Considering the growing uncertainty in the economy, it is prudent to balance risk and appreciate defensive tactics. Some of the changes we are making or have made to restructure the asset allocation portfolios prior to a recession include rebalancing portfolio positions, remaining focused on defensive measures, using international stocks which have a lower correlation to domestic volatility and remaining invested as It is important to stay invested during a recession. For If you sell your investments when the market declines, you will lock in your losses. It is better to ride out the storm and wait for the market to recover. For historically when the recovery comes after a recession the upside is substantial in the first twelve months and that is just the beginning as economic growth can last five years or more

Wow. That was a lot. I write these newsletters. Thank you for reading. Through economic and political change, it is important to remember that no one can predict the future, and there is no guarantee that a recession will occur. Your trust in what we do daily to mitigate the downside and maximize the upside is much appreciated as are your referrals to people like you. Not everyone has access to a seasoned and credentialed wealth management team. We have come to limit the time we spend on new client relationships. We are accepting new business. However, referrals from you are our strategy of growth as we have learned that trust, like discipline, is a two-way street. The discipline of long-term expectation is a concept developed by economist John Maynard Keynes. It refers to the idea that investors should focus on the long-term prospects of a company or asset, rather than the short-term fluctuations in its price. The discipline we employ for you involves better risk management, more accurate market analysis, more discipline, more patience, and more confidence. Oh, and we listen, answer emails and the phone.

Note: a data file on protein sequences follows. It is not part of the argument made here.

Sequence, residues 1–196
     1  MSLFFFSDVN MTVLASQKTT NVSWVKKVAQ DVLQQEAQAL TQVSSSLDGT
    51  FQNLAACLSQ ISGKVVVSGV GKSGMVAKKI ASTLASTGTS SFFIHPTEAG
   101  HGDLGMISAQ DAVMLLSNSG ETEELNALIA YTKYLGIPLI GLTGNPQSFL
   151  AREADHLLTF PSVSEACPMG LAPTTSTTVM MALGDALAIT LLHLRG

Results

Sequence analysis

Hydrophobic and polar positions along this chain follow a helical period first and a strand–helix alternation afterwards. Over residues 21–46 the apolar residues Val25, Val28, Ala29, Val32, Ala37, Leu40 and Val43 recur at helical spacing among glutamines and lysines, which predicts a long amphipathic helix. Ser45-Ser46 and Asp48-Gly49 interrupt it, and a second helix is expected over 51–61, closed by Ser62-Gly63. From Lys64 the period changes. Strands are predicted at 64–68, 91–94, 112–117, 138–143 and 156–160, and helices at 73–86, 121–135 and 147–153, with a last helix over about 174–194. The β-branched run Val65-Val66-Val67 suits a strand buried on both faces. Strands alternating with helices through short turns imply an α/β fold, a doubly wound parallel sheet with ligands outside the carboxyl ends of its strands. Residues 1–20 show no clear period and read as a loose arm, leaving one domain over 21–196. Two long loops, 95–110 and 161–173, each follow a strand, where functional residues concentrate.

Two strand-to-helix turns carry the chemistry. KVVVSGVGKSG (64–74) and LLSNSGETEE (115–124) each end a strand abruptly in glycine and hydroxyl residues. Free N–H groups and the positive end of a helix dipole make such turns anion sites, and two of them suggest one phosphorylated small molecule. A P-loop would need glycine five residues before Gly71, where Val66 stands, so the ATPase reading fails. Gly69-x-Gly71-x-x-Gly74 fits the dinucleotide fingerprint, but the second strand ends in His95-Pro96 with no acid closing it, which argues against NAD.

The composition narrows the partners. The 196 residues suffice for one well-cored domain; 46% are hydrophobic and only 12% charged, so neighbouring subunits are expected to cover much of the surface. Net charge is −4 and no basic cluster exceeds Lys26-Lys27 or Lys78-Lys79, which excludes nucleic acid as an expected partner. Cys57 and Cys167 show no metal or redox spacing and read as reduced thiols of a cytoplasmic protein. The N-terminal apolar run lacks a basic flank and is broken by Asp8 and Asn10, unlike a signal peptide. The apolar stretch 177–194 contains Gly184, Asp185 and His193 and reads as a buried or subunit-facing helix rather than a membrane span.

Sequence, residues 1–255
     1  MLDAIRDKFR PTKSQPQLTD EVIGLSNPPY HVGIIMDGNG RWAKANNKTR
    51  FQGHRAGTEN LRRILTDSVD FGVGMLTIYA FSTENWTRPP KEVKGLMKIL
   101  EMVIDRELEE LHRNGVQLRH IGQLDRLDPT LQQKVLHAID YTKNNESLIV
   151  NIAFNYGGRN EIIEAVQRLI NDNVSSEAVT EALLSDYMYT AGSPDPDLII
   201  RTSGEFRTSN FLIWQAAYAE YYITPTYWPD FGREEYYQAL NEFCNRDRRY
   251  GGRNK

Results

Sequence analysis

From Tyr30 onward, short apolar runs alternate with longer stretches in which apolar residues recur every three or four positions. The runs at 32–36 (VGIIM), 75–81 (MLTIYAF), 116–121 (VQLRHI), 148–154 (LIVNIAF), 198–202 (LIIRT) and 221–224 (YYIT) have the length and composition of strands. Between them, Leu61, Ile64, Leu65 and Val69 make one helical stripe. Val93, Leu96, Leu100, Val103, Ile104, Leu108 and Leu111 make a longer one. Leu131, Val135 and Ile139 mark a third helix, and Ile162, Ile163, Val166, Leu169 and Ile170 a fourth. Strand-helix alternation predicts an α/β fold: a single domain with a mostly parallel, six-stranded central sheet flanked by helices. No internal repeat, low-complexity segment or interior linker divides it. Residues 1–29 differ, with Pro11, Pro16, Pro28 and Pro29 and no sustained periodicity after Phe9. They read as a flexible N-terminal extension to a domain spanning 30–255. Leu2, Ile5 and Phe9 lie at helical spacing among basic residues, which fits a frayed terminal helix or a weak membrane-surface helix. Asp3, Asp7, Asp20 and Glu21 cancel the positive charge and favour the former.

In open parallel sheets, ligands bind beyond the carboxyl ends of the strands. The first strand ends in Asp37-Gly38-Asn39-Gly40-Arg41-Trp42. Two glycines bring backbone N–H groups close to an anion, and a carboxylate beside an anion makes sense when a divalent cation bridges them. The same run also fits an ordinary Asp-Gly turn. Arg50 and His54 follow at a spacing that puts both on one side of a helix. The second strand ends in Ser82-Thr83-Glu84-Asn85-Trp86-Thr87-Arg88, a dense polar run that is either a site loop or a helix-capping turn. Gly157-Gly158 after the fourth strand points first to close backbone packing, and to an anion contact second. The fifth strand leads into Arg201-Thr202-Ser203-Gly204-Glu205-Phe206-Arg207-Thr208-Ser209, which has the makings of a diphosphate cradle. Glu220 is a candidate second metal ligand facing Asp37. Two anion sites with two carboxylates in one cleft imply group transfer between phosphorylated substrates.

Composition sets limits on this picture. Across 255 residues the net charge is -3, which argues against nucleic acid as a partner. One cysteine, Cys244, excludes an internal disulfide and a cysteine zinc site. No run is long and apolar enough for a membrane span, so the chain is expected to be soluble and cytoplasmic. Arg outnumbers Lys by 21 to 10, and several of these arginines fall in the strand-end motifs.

Vaughn L. Woods, CFP, MBA

Vaughn Woods Financial Group, Inc.

2226 Avenida De La Playa

La Jolla, CA 92037




Investors should be aware that there are risks inherent in all investments such as fluctuations in investment principal.  Past performance is not a guarantee of future results.  Asset allocation cannot assure a profit nor protect against loss.  Although the information has been gathered from sources believed to be reliable, it cannot be guaranteed.  Views expressed in this newsletter are those of Vaughn Woods and Vaughn Woods Financial Group and may not reflect the views of Bolton Global Capital or Bolton Global Asset Management.  The information provided is for general informational purposes only and should not be considered an individualized recommendation or personalized investment advice.  VW1/VWA0288.



Debt: The First 5,000 Years” by David Graeber (2014)

The Deficit Myth: Modern Monetary Theory and the Birth of the Fair Tax” by Stephanie Kelton (2020)

The Case for Modern Monetary Theory” by Warren Mosler (2018)

North, Douglass C. Institutions, Institutional Change and Economic Performance. Cambridge University Press, 1990.

Davidson, Paul. “A Post Keynesian Perspective on the Macroeconomy.” Oxford Review of Economic Policy, vol. 26, no. 4, 2010, pp. 541-559. Oxford University Press, doi:10.1093/oxrep/gkq020.

Harcourt, Geoffrey Colin, and Philip Arestis, eds. A Handbook of Post-Keynesian Economics. Edward Elgar Publishing, 2007.

Harvey, David. A Brief History of Neoliberalism. Oxford University Press, USA, 2005.

Marx, Karl. Capital: A Critique of Political Economy. Vol. 1. Translated by Ben Fowkes, Penguin Books, 1990.

Odum, Howard T. Ecological and General Systems: An Introduction to Systems Ecology. University Press of Colorado, 1994.

Schneider, Stephen H., and Penelope J. Boston, eds. The Systems View of Life: A Unifying Vision. Columbia University Press, 2011.

“Recessions and Presidential Elections” by John Sides, Michael Tesler, and Lynn Vavreck (2018)

“Trump’s Handling of the COVID-19 Pandemic Cost Him the Election” by The New York Times (November 8, 2020)

Kosinski, Jerzy, and Robert C. Jones. Being There. New York: Simon & Schuster, 1979. Print.